We're proud to announce the 12 recipients of the 2017 Margot Stern Strom Innovation Grants! This year, we asked teachers to send us their best ideas for how to make "hard empathy" a tangible, concrete experience for young people in the classroom—and they delivered! We received 129 inspiring ideas, which made it difficult for us to choose only 12.
Over the last month, we've been examining the different facets of democracy with our "What Makes Democracy Work?" campaign. Today, we look at two rising young stars who are showing that civically engaged young people are key to a healthy democracy. Winona Guo and Priya Vulchi started the student-run organization, CHOOSE, to overcome racism and inspire harmony through exposure, education, and empowerment. This led them to collaborate with Princeton University on, The Classroom Index, a textbook devoted to racial literacy. Liz Vogel, Executive Director for Facing History's Los Angeles office, had the opportunity to serve as Guo's mentor through Three Dot Dash (3DD), a global teen leadership program. We asked Guo to tell us about her and Vulchi's experience creating a textbook for racial literacy.
On May 21, 1917 thousands of people gathered in Memphis to watch the brutal lynching of Ell Persons. One hundred years later, this past Sunday, the student-led activist group, Students Uniting Memphis (SUM), gathered with 500 community members from all backgrounds to commemorate his life and bring awareness to the injustices that occur when we divide people into “us” vs. “them.”
Topics: Race and Membership
In March, 64 lawyers from Holland & Knight were busy poring over thousands of essays. These weren’t from legal briefings or court hearings. They were submissions from over 5,200 students who entered the 2017 Facing History Together Student Essay Contest. The global law firm’s Holocaust Remembrance Project, which is part of its charitable foundation, generously funded the contest but their lawyers also took an extra step by volunteering to review the essays.
Part of challenging our students is challenging ourselves as educators. That’s why Facing History is excited to announce the 2017 Margot Stern Strom Innovation Grants. This year, we’re challenging you to think about how you can bring “hard empathy” into the classroom. You could be one of 12 educators to receive $2,500 to bring your project to life.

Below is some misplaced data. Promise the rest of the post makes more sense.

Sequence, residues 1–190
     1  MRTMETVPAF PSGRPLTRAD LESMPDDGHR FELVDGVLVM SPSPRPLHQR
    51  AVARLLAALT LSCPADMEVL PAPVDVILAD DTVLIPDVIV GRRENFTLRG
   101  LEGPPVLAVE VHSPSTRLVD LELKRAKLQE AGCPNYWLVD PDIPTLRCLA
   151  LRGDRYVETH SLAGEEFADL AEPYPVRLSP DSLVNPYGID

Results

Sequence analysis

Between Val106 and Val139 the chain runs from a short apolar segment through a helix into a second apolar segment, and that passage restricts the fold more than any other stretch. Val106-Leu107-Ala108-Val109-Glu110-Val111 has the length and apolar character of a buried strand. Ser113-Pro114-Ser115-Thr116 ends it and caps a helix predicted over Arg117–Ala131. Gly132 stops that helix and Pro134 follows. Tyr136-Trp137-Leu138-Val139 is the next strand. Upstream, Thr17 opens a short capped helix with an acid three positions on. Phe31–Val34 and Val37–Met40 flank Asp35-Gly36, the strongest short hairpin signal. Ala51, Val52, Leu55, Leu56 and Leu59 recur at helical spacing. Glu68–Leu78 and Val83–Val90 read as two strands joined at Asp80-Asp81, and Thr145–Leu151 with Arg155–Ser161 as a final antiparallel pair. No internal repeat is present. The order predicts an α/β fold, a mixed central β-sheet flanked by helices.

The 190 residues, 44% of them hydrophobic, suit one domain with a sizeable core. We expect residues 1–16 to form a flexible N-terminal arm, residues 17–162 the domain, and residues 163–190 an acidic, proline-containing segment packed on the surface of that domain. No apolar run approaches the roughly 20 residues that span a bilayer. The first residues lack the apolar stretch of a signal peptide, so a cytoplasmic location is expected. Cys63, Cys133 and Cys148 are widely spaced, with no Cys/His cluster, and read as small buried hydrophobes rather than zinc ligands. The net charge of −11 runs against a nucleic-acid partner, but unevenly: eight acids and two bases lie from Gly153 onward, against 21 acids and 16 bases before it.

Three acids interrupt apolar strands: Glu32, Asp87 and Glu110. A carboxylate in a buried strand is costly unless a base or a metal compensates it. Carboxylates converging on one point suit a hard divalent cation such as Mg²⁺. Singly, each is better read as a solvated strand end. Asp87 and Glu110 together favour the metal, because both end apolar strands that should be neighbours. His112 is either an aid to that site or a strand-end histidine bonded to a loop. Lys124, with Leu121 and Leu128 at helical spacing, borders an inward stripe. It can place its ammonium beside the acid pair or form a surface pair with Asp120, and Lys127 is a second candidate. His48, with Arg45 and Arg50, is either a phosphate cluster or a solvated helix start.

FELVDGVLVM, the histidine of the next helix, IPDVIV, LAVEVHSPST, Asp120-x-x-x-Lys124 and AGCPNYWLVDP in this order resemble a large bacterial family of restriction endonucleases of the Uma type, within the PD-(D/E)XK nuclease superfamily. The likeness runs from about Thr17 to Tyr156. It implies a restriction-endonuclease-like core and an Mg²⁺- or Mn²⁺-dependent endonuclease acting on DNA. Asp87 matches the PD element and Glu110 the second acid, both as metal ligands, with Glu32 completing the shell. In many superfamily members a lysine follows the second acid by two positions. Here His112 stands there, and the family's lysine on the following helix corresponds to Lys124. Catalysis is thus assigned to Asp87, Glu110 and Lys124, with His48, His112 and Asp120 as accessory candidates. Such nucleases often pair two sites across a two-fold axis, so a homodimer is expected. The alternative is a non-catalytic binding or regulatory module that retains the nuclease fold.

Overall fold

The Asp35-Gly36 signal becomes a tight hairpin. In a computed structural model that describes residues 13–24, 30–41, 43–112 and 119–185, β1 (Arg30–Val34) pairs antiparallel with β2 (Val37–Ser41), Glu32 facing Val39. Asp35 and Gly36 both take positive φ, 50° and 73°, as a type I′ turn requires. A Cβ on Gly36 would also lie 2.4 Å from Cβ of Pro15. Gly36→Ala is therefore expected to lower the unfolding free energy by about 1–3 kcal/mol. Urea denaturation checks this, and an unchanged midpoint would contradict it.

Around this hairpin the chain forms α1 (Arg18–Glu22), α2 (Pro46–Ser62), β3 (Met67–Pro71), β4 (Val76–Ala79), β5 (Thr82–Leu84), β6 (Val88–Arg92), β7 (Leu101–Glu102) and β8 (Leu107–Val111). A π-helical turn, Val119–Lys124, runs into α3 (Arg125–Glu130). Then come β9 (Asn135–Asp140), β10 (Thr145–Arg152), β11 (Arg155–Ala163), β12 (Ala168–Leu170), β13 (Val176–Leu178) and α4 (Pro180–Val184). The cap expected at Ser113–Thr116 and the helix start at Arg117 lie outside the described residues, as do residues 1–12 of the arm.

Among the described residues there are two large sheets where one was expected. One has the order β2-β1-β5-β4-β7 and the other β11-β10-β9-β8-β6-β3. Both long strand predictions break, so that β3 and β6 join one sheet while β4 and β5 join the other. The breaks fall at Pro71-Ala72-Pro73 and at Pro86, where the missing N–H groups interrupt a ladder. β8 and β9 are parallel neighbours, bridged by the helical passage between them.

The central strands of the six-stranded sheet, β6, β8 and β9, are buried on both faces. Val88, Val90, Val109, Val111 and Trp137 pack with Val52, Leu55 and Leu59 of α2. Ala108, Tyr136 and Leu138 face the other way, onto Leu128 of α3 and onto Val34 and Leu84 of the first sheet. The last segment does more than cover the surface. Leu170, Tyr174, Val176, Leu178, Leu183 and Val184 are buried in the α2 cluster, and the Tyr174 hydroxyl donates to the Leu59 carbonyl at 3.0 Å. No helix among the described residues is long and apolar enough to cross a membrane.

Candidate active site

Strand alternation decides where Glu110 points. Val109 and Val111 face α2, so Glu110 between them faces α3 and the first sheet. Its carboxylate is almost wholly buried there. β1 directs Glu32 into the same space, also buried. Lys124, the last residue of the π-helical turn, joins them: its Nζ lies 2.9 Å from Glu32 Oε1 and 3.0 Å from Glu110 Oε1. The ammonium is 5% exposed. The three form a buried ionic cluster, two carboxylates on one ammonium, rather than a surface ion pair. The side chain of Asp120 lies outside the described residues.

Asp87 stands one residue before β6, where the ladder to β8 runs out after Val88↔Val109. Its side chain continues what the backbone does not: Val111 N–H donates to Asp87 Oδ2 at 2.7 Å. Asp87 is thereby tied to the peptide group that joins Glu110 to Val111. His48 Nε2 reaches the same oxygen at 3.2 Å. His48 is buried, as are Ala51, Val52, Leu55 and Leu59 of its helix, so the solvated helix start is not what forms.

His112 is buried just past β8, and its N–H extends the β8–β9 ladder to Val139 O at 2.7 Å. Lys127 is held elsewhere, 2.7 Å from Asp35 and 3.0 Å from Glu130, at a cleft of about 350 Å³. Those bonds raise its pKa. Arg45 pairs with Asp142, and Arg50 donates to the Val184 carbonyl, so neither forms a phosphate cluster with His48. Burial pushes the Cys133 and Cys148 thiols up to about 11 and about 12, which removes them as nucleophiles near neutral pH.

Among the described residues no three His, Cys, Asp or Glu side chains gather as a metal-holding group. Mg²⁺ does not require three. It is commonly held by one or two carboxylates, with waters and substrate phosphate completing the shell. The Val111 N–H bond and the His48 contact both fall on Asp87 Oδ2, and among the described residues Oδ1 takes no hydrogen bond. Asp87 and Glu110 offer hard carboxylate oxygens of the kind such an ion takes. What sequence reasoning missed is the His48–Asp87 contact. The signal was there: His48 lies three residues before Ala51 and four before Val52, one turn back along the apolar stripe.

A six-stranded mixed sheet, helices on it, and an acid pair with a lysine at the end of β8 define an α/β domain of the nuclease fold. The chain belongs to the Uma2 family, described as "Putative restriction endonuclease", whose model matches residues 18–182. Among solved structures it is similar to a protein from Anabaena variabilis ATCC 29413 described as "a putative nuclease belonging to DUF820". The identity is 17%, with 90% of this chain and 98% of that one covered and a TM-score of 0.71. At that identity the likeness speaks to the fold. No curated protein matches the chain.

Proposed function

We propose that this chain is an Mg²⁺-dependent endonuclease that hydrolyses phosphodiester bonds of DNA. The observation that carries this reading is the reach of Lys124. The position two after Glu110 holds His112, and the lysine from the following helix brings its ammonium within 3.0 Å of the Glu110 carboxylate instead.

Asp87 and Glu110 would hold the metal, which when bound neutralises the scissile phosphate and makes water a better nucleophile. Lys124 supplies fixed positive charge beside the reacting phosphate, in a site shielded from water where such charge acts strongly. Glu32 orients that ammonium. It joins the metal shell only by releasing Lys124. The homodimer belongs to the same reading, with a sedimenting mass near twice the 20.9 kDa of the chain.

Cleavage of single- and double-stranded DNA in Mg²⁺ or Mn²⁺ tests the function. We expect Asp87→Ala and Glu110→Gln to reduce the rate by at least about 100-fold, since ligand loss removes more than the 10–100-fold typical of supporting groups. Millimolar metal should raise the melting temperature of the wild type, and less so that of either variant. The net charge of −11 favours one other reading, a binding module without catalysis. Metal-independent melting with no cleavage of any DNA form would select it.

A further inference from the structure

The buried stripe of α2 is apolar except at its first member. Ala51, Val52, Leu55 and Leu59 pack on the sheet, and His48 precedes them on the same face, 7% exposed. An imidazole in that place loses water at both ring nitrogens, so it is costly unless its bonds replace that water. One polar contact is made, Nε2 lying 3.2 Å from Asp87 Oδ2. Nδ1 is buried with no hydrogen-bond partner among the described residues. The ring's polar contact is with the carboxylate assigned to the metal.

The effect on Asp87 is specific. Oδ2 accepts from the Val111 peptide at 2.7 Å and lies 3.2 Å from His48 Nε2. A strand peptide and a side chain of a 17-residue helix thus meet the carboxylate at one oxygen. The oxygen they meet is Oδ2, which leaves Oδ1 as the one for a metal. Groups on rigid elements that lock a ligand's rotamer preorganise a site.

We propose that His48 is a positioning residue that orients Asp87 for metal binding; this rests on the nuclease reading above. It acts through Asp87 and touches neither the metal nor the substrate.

During World War II, 20,000 to 30,000 Jews fought back against the Nazis as partisans. Hidden deep in the forests, these underground communities were the heart of an organized resistance movement that took up arms against the Nazis. Around 10 percent of these partisans were women.
Although often known for their support roles—performing camp duties, providing medical care, and acting as messengers—some women also fought alongside men. As we close out Women’s History Month, we’re celebrating three Jewish women partisans whose bravery shows us the meaning of what it is to be an upstander.
Craig Silverman was studying fake news long before the world turned its attention to such a topic. In fact, he’s considered a fake news expert, now working as the media editor for BuzzFeed News. With his fingers on the pulse of a changing journalism landscape, he sees dangers and potential in the way both adults and young people absorb news and information. It’s why he’s speaking to students on March 22 for a one-hour interactive online summit, “Viral Rumors and Fact Checking,” with Facing History and Ourselves and the News Literacy Project.
Cicada Scott, the winner of last year's Facing History Together Student Essay Contest, wrote an eloquent essay about life as a non-binary gender teen. In light of recent news about the rollback of federal protection for transgender students, Cicada's reflection on the power of understanding one's own identity is more timely than ever. Read our Q&A with Cicada and check out this year's prompt for the 2017 Facing History Together Student Essay Contest. Submissions are open until March 15. Students and teachers will have the chance to win more than $25,000 in scholarships and awards.
There’s a lot of technology out there. Much of that technology makes its way into the classroom, helping teachers bring their lessons to life and helping students learn in ways they couldn’t before. Tomorrow is Digital Learning Day, a nationwide celebration that started as a way to actively spread innovative practices and ensure that all youth have access to high-quality digital learning opportunities no matter where they live. But it’s also about how educators can learn with each other through technology.
Here are four ways you can celebrate Digital Learning Day and the role technology plays in your life.
The 2016 presidential campaign will go down as one of the most divisive in US history. Read what it was like for high school senior, Lilly Hackworth, to vote for the first time during such a contentious race and how she used Facing History and Ourselves to help her navigate such a turbulent political climate.